ISKP building alliances with hostile agencies to prolong stay in Afghanistan
Taliban would have to handle ISKP with the coordination of other states as spoilers could destabilize the region
ISLAMABAD: Following the takeover of Afghanistan by Taliban, the peace spoilers including Islamic State of Khorasan Province (ISKP) have been struggling for their survival in the country thus building unholy alliances to achieve their wicked designs.
The hostile intelligence agencies had created ISKP against Taliban regime as they wanted to prolong stay of extra regional forces in Afghanistan.
Considering the ISKP’s attack in various parts of Afghanistan as an attempt to create mistrust about Taliban, the analysts called for Taliban government and all regional states to start an effective campaign to undercut ISKP’s presence in the region.
Though the US allied forces had been pulled out from Afghanistan but ISKP still exist the war-torn country carrying out terrorist activities against Taliban.
The analysts believed that the Taliban would have to handle ISKP with the coordination of other states as the spoilers could destabilize the region.
In fact, the ISKP considers Taliban as an irreconcilable enemy which necessitated to be defeated militarily.
The group has been under pressure following the Taliban takeover in Afghanistan, so it had built alliance with hostile intelligence agencies like RAW to get anti-Taliban support.
As the spoilers of peace are destabilizing the region for their vested interest, Taliban are expected to eliminate the emerging threat of ISKP along with HIAs in Afghanistan.
The analysts also called for the engagement between the international and regional states with Taliban for their counterterrorism campaign against ISKP in order to achieve a durable peace.
Since the return of US troops from Afghanistan, Pakistan had been providing humanitarian assistance to Taliban but instead of recognition, the peace spoilers are negatively projecting these humanitarian gestures.
Earlier to this, the Taliban claims security “has been assured” in Afghanistan since it took over, and that the country has been saved from the “quagmire of war”. But a series of attacks carried out by an affiliate of the ISIL (ISIS) group in recent weeks has shattered those claims.
In the six weeks since the Taliban came to power, there have been reports of Islamic State in Khorasan Province, ISKP (ISIS-K), attacks and activity in the cities of Kabul, Jalalabad and Mazar-i-Sharif.
On the evening of August 26, just 11 days after the Taliban takeover, ISKP claimed responsibility for a bombing at Kabul’s Hamid Karzai International Airport that killed more than 180 people and injured hundreds of others.
Several attacks have been reported in the city of Jalalabad, the capital of Nangarhar province, and one of ISKP’s most common targets. The recent attacks, including IED explosions, killed civilians and purported Taliban fighters.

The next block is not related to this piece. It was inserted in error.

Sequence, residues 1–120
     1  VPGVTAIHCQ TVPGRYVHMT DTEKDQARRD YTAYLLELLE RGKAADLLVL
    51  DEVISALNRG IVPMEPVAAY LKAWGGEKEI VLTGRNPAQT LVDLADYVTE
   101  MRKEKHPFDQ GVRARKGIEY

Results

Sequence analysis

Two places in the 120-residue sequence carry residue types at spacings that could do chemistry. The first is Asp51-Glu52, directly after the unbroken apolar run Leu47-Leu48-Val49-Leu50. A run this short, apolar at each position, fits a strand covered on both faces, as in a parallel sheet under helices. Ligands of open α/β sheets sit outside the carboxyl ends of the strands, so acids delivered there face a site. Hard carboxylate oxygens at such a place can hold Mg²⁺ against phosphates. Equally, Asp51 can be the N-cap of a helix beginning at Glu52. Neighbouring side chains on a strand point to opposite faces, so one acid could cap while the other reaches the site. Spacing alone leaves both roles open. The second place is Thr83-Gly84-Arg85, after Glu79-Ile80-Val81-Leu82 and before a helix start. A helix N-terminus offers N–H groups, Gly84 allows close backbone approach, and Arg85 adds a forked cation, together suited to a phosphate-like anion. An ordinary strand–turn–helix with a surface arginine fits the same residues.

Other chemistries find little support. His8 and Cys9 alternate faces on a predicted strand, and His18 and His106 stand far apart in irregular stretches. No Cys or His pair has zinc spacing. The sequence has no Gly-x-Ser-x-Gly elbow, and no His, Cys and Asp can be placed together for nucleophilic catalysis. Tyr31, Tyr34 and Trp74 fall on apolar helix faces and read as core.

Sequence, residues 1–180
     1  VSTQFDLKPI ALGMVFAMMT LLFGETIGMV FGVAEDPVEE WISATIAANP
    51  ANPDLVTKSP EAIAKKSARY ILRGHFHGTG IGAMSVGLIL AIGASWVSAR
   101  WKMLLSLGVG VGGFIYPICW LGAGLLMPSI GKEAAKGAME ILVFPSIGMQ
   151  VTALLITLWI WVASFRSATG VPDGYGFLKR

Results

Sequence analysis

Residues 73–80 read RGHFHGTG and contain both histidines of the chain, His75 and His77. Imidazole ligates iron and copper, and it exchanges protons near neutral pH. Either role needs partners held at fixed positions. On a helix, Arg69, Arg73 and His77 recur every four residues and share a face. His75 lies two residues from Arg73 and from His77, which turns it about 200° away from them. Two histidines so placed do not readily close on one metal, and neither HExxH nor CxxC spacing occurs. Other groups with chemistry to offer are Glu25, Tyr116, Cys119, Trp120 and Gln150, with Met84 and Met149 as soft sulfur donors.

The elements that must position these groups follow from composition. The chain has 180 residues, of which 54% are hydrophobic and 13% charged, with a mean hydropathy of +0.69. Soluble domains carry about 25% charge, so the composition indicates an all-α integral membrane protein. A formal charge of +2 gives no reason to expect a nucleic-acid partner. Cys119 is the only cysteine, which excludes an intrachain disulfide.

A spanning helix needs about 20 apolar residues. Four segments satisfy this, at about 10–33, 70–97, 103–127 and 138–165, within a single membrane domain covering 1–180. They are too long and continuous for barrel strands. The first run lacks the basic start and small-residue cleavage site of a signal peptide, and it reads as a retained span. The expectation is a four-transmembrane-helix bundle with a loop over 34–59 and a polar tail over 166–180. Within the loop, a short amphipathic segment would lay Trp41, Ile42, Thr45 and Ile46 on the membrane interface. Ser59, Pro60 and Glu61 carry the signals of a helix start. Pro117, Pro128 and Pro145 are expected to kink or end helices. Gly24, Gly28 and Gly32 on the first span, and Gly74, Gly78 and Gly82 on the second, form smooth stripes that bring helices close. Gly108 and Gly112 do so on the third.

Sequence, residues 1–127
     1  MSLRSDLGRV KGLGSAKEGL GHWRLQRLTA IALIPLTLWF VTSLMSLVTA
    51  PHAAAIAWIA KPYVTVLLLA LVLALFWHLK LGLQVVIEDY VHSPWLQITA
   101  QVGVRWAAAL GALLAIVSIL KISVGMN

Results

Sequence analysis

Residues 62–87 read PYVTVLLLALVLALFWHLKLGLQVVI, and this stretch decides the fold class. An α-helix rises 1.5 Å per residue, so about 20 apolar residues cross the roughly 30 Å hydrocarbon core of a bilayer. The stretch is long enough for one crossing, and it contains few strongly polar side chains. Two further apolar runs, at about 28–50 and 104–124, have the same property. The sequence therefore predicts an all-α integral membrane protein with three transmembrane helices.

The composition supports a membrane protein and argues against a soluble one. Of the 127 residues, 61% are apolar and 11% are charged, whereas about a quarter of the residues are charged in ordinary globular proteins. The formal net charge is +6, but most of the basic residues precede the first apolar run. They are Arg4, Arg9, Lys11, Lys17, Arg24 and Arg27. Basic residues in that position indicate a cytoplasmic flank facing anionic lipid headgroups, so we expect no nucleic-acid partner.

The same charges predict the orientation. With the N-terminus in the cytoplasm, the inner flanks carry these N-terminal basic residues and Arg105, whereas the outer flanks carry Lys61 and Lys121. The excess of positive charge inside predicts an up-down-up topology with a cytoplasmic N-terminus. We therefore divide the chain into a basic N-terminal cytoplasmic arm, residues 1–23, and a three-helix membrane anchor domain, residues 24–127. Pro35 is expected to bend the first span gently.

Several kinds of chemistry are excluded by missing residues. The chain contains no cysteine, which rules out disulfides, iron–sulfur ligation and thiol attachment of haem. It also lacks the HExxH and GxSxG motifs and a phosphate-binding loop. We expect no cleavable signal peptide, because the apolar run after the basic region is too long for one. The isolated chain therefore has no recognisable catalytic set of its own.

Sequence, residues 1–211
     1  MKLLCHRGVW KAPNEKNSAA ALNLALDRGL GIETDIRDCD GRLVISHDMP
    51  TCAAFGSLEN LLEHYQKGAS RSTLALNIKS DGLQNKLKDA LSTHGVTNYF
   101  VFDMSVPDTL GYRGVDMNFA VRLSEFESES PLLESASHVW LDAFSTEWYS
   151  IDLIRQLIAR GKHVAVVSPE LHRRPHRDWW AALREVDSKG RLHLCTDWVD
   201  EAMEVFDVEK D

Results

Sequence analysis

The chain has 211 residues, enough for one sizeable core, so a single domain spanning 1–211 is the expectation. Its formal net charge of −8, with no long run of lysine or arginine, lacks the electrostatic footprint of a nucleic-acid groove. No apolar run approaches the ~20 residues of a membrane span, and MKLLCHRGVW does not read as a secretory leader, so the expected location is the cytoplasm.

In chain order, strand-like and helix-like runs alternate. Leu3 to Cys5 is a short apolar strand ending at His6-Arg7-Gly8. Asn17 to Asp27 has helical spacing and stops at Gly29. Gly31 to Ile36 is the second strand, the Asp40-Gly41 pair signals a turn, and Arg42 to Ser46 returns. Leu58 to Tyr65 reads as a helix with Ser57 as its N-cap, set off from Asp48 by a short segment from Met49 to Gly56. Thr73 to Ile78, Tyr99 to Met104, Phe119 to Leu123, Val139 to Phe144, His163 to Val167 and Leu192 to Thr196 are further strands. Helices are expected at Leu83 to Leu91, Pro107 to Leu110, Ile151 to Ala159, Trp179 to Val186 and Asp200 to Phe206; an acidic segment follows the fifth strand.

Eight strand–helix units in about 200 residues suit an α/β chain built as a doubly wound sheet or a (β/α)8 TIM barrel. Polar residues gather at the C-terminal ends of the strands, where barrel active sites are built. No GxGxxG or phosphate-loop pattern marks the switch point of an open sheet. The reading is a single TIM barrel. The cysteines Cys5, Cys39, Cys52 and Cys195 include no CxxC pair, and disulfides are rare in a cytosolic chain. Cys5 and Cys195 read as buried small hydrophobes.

In a Telegram message, ISKP claimed to have killed up to 35 Taliban fighters in Jalalabad – the Taliban has denied that tally.
Each of these instances has been met with harsh words from the Taliban, who continue to pledge to eradicate any forces loyal to ISIL.
Deputy Minister of Information and Culture Zabihullah Mujahid told that, the Taliban is actively “hunting down those who are sowing chaos” in the country.
While the Taliban has taken districts from ISKP in the past, eliminating this longtime foe is proving more difficult than the group will let on.
The Taliban launched a crackdown on ISKP members, reportedly detaining at least 80 purported fighters in Nangarhar – an ISKP stronghold.
The group also claimed to have killed Ziya ul-Haq – also known as Abu Omar Khorasani – the former leader of ISKP, in Kabul’s notorious Pul-e-Charkhi prison.
It has also been accused of killing Farooq Bengalzai, an ISIL leader from Pakistan who was reportedly killed while travelling in southwestern Afghanistan.
On August 28, the Taliban was accused of arresting Abu Obaidullah Mutawakil, a well-known Salafi scholar, in the capital Kabul. A week later, Mutawakil was found dead.
The Taliban denied any part in Mutawakil’s death, but that did little to ease suspicions. Furthering those doubts is the fact that within weeks of Mutawakil’s killing, the Taliban had also closed more than three dozen Salafist mosques across 16 different provinces.
There are fears the Taliban is borrowing from the playbook of former Afghan governments, who were accused of unlawful detentions, extrajudicial killings and of using labels like “Taliban”, “ISKP” and “al-Qaeda” to go after any unwanted elements without providing evidence.
Wesley Morgan, an author and journalist who has reported extensively on the US war in Afghanistan, says there is a fear that the Taliban “could label various groups as Daesh (ISIL) that aren’t, just like the US and Kabul, before them, did for decades.”
Though much of ISKP’s activity has been in Nangarhar, neighbouring Kunar has proven to be an especially valuable province for ISKP recruitment.